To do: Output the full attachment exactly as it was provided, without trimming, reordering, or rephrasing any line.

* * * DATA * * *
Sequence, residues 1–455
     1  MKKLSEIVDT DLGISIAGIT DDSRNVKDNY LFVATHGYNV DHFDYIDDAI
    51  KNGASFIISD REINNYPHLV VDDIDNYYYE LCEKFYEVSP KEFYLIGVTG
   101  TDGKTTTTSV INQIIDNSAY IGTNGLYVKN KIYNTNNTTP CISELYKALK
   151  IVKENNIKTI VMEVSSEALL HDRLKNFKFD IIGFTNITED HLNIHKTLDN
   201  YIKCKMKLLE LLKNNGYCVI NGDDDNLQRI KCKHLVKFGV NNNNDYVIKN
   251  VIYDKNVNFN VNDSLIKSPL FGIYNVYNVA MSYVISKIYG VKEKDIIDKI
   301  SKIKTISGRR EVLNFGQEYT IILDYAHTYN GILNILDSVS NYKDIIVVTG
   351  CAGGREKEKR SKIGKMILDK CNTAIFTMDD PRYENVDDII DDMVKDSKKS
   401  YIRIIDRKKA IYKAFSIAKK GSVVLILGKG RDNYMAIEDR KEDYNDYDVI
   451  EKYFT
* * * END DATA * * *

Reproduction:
Sequence, residues 1–455
     1  MKKLSEIVDT DLGISIAGIT DDSRNVKDNY LFVATHGYNV DHFDYIDDAI
    51  KNGASFIISD REINNYPHLV VDDIDNYYYE LCEKFYEVSP KEFYLIGVTG
   101  TDGKTTTTSV INQIIDNSAY IGTNGLYVKN KIYNTNNTTP CISELYKALK
   151  IVKENNIKTI VMEVSSEALL HDRLKNFKFD IIGFTNITED HLNIHKTLDN
   201  YIKCKMKLLE LLKNNGYCVI NGDDDNLQRI KCKHLVKFGV NNNNDYVIKN
   251  VIYDKNVNFN VNDSLIKSPL FGIYNVYNVA MSYVISKIYG VKEKDIIDKI
   301  SKIKTISGRR EVLNFGQEYT IILDYAHTYN GILNILDSVS NYKDIIVVTG
   351  CAGGREKEKR SKIGKMILDK CNTAIFTMDD PRYENVDDII DDMVKDSKKS
   401  YIRIIDRKKA IYKAFSIAKK GSVVLILGKG RDNYMAIEDR KEDYNDYDVI
   451  EKYFT